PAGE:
So don’t think for a second, CBS News, that finding the right face with the right voice will solve your problems. It only extends them. Same for you, NBC and ABC and, for that matter, cable news.
No, you have to explode your newsroom, tear apart your shows, rethink news to turn it into a conversation, and hand over control to the people you used to read to if you want to survive in our new world. And it’s not hard.
How to explode TV news in four easy steps
Cut up your shows into stories and put them all online.
After you air a story, it’s fishwrap. Nobody can see it. If they missed it, well, that’s tough for them. Is that any way to treat your public? Well, you don’t have to anymore.
You should put up every story you do — and not just as a stream but as files that the people can distribute on their own.
You can still make money on this — in fact, you’ll make new money: Put ads on the video; track those ads; and tack on a Creative Commons license that says people can distribute the video but cannnot muck with it. And you’ll find something magical will happen: Your audience will market your product for you and distribute it for you and it won’t cost you anything more. It’s free money, damnit. Tell that to your stockholders.
And while you’re at it, take your script for the segment and associate it with the video as meta data (that is, post it on a blog with a link to the video) so people can find your stories on search engines and then watch them.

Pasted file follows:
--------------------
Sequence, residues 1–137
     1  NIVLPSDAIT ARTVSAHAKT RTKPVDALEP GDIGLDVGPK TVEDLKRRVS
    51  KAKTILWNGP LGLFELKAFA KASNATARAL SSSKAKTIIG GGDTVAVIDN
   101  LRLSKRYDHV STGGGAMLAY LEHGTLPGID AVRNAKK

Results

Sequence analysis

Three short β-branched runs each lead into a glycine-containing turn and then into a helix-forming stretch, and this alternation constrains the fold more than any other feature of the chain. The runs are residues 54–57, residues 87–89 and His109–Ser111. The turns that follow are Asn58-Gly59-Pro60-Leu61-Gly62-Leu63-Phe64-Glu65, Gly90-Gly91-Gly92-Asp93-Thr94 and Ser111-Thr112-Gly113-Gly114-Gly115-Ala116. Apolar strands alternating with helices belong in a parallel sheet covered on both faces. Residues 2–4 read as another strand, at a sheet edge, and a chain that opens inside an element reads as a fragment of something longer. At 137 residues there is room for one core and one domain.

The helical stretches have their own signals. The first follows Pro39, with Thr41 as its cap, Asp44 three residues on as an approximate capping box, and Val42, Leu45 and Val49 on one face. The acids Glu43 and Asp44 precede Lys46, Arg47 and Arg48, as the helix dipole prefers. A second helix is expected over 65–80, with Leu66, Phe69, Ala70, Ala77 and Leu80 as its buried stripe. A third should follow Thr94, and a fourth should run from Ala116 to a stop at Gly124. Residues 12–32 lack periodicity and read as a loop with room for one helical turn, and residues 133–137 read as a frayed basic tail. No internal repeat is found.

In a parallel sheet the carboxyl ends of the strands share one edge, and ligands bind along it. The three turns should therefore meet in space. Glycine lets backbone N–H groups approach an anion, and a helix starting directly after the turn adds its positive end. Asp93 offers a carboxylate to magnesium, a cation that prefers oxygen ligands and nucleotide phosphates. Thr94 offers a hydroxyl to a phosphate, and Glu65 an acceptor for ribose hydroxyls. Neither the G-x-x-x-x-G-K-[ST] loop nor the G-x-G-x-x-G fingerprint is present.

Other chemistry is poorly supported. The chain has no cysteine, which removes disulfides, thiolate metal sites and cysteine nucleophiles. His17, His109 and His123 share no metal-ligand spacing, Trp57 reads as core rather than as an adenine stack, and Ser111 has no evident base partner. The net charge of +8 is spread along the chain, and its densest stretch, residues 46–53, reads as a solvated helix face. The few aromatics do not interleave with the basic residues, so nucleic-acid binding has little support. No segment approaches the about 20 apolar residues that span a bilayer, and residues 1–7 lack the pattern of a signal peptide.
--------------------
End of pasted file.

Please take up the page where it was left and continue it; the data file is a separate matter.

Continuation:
This means that people who really want to see your stories and are interested in them can now do so. We’re no longer captive to your schedule and your selection; we can watch what interests us. We are in control.
The result: You will get a more interested and involved audience. You will get a bigger audience. You will get more people who will like what you do and start watching your old-fashioned shows. You will benefit. We will benefit.
If you really care about informing the public — which, of course, you do — then this is the first step to doing it a new and better way.
You have more material for every story you do: I’ve seen how much goes into a 3-minute piece and how much is left out.
Now in most cases, I do think that stuff that’s cut is extraneous to most people.
You’re right to edit and package. Keep it up.
And in the early days of online when news people thought this medium was all about getting more time to tell longer stories with more stuff and another chance to show off cute writing, I screamed in protest: No, your stories are already too long anyway. Find the nearest period!
But for those who are intensely interested in a story or who want to look deeper into what we say, why not put up all the rest of your material? Why throw it away? Put up entire interviews and do it in chunks so people people link directly to one piece or another and, in essence, put up their own remixes. Show the world your great reporting.
If you’re doing your job right, this will help your credibility and reputation, for most people will see that you really did pick the right stuff and did tell the story well.
More important, you enable people who need more information to get it. And that is our job, isn’t it?